14 April 2006

Police blame dissidents for bomb 'lunacy'

Derry Journal

14 April 2006

POLICE WERE last night linking dissident republicans to a huge incendiary device which a top policeman said could have caused "untold damage" in the city. The device, abandoned on the Northland Road, was made safe by army bomb experts.

The incident began when a man making a pizza delivery in the Altcar Park area of Galliagh at around 12.30am yesterday was approached by three men wearing balaclavas, one of whom was a carrying a handgun.

The local man was taken from his vehicle and held at gunpoint in a nearby alleyway. The vehicle was driven away and returned within 15 minutes, and the terrified driver was then instructed to drive the van to Strand Road Police Station and leave it parked outside.

He drove the vehicle as far as Northland Road, near Springvale Park, before parking and alerting police at Strand Road.

Acting Superintendent Ken Finney said that when the vehicle was examined by an Army Technical Officer, the device contained a "petrol-like liquid, two gas canisters attached to the wheelie bin, both of which were turned on, one was empty and a timer device which had expired. This was connected to a small light suspended inside the wheelie bin above the liquid."

The deadly device which was made safe shortly after 8am yesterday. Nine homes in Springvale Park were evacuated during the security alert and the occupants were cared for at a local primary school. Supt. Finney said the incident could have caused "untold damage" and added: "Those behind last night's attack showed remarkable contempt for the people of this city."

Had the device ignited, Supt. Finney said: "There would have been a 100-200 metre radius of a severe blast which would have caused immense damage to property and would, of course, taken life."

Supt. Finney said that the military experts were now trying to establish why the device had not activated.

"The timing device had run its course, so by all accounts, it should have ignited." Speculating on those responsible, Supt. Finney said: "No-one has claimed responsibility for it yet, but clearly dissident republicans who have had similar devices in the past would be in the frame."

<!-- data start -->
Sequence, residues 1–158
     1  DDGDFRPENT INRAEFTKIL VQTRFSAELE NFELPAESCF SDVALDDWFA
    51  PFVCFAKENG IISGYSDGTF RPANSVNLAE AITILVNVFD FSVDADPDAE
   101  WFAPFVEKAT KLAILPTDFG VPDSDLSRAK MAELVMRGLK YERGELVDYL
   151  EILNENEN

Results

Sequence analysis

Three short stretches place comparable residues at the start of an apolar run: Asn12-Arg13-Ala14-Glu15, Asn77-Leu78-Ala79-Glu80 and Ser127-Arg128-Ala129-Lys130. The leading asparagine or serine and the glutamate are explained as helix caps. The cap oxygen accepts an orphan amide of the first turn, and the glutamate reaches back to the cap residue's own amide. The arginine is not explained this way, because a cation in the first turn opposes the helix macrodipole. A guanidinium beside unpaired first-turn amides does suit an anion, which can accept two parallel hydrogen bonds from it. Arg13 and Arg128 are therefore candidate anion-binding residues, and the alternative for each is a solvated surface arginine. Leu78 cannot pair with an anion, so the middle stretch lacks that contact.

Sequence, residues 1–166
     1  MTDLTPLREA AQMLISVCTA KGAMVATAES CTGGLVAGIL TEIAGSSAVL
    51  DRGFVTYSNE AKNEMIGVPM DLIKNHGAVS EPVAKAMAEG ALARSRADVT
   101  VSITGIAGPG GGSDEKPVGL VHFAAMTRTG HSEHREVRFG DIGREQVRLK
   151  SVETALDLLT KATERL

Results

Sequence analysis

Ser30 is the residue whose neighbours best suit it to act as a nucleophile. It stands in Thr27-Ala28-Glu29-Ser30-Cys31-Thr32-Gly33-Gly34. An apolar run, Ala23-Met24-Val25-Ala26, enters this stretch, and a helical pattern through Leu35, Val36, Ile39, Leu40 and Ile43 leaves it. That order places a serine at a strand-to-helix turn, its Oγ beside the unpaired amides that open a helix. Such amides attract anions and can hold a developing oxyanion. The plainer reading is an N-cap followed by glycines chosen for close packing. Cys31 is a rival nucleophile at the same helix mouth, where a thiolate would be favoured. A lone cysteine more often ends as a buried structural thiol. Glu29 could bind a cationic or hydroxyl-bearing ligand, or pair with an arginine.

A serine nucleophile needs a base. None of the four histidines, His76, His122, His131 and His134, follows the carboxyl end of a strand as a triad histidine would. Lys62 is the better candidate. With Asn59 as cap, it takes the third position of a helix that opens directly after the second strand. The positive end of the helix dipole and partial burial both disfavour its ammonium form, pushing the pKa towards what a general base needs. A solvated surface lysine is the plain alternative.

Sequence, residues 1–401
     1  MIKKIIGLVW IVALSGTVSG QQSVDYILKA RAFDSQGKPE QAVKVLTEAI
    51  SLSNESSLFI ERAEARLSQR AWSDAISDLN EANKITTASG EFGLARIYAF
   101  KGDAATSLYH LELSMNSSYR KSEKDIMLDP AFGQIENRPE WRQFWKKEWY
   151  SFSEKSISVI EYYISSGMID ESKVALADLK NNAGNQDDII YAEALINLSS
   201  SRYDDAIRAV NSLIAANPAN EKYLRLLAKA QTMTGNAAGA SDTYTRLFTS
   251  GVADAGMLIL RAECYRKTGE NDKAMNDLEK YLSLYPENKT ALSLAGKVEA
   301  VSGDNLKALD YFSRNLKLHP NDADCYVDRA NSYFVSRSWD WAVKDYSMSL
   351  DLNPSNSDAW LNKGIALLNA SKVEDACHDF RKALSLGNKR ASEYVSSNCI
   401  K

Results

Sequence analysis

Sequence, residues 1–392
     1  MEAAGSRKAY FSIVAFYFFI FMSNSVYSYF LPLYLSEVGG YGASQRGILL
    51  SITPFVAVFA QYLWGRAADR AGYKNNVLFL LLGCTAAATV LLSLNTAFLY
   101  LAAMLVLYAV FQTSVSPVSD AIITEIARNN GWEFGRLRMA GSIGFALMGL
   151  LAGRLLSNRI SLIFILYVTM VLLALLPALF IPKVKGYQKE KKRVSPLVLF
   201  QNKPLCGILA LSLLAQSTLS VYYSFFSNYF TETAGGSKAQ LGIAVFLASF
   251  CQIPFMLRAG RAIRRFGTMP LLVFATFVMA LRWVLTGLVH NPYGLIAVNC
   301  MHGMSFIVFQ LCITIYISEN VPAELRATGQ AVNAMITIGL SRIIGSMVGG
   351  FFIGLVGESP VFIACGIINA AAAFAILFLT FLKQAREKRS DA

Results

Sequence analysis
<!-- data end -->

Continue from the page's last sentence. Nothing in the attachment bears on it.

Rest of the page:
"Obviously, the people who carried out this action have their own agenda, but certainly from a policing perspective and a human perspective at every stage in this messy operation, lives were put at risk. "Had the van reached its intended target, and that appears to be ourselves at Strand Road, at that time of the morning there would still have been people walking about and had anyone been near it when it went off they would have been killed instantly," he added.

Supt. Finney said it had been a "traumatic experience" for the local man. (It's] "madness, lunacy, words fail me at this stage. Anyone who is doing this, think clearly what you're doing and why you're doing it and the lives you are putting at risk. Had that device went off, I doubt very much it would have helped anyone's cause," he added.

The incident has been condemned by Foyle MLA Pat Ramsey, who said those responsible were intent on "causing destruction and mayhem on the streets of Derry."

Sinn Féin's Billy Page accused those behind the bomb of having "no strategy or support and are unrepresentative of the Republican or Nationalist community." The group responsible "should desist immediately as they are causing more harm to the people that they claim to represent than they do to the British Crown forces," he said.

Witnesses to the hijacking or anyone who noticed the armed gang acting suspiciously in the area or anyone who has any information regarding the incident is asked to contact the detectives at Strand Road.

The telephone number to ring is 0845 600 8000, or contact 'Crimestoppers' anonymously on freephone 0800 555111.

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